Q: How does a person go about getting considered to serve on a corporate board, or as an advisor to other corporate boards?
The approach, qualifications, and other considerations for getting a board of directors, or advisory committee, seat vary somewhat based on the type of corporation—nonprofit, privately-owned, or publicly owned. Having contacts and relationships with corporation owners, executive management, other Board members, and other professionals that work with the corporation (bankers, CPAs, lawyers, etc.) is always helpful for getting a seat on a board; however, you can review the following example articles and discussions on how to get a Board seat, which include these basic strategies:
- Think local. Serving on a local organization’s board of directors can be particularly beneficial if your products or services are geared toward people in your area. As a board member, you’ll be networking on a regular basis with potential and existing customers—who may have you at top of mind the next time they are asked for a referral.
- Go nonprofit. Board newbies are more likely to find spots at nonprofits, which are usually unable to compensate directors and may require more work than private companies. This work can be rewarding if you believe in the organization’s mission. Check out BoardnetUSA for nonprofits in your area.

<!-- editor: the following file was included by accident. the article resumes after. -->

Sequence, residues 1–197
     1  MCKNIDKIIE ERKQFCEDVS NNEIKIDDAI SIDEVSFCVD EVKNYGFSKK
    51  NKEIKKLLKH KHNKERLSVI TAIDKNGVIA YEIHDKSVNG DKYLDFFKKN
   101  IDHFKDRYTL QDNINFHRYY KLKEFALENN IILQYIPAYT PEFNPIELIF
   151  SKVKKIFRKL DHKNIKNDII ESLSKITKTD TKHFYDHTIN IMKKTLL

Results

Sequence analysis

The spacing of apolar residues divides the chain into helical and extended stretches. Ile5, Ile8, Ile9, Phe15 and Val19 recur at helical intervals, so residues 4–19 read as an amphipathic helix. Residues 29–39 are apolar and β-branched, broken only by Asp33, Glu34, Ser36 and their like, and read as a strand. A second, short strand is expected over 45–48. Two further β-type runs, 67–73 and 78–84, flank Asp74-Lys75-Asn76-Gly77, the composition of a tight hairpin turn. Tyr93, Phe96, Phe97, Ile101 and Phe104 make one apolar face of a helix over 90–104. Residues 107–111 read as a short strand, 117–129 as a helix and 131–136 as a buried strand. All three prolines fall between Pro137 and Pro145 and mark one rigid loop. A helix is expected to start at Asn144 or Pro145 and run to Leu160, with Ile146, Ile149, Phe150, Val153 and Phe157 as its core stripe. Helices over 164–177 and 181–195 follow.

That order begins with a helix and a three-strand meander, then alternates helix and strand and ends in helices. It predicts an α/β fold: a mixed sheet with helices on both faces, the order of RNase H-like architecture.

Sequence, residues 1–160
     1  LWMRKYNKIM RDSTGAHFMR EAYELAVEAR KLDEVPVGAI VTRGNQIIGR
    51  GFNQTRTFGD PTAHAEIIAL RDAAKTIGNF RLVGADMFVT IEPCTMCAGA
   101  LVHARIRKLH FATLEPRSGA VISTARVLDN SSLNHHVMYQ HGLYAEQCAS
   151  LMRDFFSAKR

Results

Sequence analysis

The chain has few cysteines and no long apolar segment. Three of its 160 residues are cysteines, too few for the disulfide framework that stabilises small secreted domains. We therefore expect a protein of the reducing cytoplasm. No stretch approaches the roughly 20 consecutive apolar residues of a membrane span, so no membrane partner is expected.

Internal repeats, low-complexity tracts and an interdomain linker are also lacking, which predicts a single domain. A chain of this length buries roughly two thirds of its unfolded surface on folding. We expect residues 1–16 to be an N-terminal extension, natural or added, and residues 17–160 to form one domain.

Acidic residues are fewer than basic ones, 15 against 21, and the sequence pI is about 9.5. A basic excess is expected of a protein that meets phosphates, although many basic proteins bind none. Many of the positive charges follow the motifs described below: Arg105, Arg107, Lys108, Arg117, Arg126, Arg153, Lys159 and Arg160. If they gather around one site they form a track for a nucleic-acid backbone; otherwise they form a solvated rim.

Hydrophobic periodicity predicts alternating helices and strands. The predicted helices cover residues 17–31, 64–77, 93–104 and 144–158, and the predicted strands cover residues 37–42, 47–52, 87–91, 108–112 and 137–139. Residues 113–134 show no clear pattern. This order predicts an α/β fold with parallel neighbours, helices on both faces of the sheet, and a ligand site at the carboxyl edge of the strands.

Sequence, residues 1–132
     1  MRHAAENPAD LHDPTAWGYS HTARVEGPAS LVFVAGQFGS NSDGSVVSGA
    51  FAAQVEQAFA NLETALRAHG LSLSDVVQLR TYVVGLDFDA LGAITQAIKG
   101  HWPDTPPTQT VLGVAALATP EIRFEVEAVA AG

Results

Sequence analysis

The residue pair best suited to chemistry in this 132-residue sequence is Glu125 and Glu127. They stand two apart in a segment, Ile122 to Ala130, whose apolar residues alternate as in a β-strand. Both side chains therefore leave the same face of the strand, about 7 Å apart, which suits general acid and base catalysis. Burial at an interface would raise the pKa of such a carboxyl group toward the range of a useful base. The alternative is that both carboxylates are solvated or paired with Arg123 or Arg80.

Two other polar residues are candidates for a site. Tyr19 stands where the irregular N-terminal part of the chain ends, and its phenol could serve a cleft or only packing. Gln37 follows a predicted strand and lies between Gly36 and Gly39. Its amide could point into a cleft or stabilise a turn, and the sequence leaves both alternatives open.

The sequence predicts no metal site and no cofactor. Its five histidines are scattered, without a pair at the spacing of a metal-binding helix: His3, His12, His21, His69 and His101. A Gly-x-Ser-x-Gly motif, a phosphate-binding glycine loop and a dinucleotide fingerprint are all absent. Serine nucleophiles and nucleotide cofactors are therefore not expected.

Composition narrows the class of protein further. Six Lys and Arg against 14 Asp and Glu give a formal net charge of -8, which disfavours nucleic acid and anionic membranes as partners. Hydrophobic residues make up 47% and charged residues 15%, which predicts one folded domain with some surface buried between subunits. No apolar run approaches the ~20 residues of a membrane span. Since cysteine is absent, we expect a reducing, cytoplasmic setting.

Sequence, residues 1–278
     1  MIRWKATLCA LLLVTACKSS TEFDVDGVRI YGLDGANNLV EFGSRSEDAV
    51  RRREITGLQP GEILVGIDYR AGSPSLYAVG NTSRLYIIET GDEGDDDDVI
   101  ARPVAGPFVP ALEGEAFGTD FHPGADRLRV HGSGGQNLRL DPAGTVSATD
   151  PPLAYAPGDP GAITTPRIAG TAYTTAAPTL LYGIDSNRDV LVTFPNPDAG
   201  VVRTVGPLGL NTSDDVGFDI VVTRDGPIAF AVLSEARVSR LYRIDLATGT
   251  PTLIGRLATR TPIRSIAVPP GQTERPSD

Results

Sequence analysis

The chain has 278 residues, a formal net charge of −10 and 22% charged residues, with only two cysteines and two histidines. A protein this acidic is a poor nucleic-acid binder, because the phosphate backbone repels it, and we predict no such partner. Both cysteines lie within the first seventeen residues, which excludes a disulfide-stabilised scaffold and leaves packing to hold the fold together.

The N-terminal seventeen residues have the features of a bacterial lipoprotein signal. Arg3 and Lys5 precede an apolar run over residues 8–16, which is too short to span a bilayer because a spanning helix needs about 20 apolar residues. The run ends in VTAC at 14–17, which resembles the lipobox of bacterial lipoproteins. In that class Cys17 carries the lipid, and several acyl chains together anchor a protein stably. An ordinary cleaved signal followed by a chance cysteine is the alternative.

- Prove you are an expert. By taking on public speaking gigs, developing a business blog, and writing a letter to (or an op-ed column for) a prominent publication, you can establish yourself as an expert in your industry or profession beyond just your title. This will help you appear worthy of a board seat. “The first thing a nominating committee will do is Google you,” says Susan Stautberg, president of PartnerCom, which helps companies set up advisory boards.
- Be brave. If you don’t know someone who knows someone who can get you on a board, go straight to the source and ask for guidance. Find out when an organization starts reviewing its member roster, and ask what kind of directors it needs. For example, many organizations try to enlist a group of professionals with varied skill sets, such as a marketing expert, a financial expert, and a senior executive.
- Promote your talents. Know what you bring to the table and make sure your prospects are aware of it. Boards need hiring experience (they are the ones interviewing executive directors and executives), marketing expertise, technology know-how, and most of all, accounting acumen for reviewing budgets and financial records.
- Open your wallet. Nonprofits need underwriters and are often willing to assign board seats as thank-yous. Some city boards have upwards of 50 directors. If you don’t have the money, or if it doesn’t make business sense to give a large donation, offer to help with fundraising: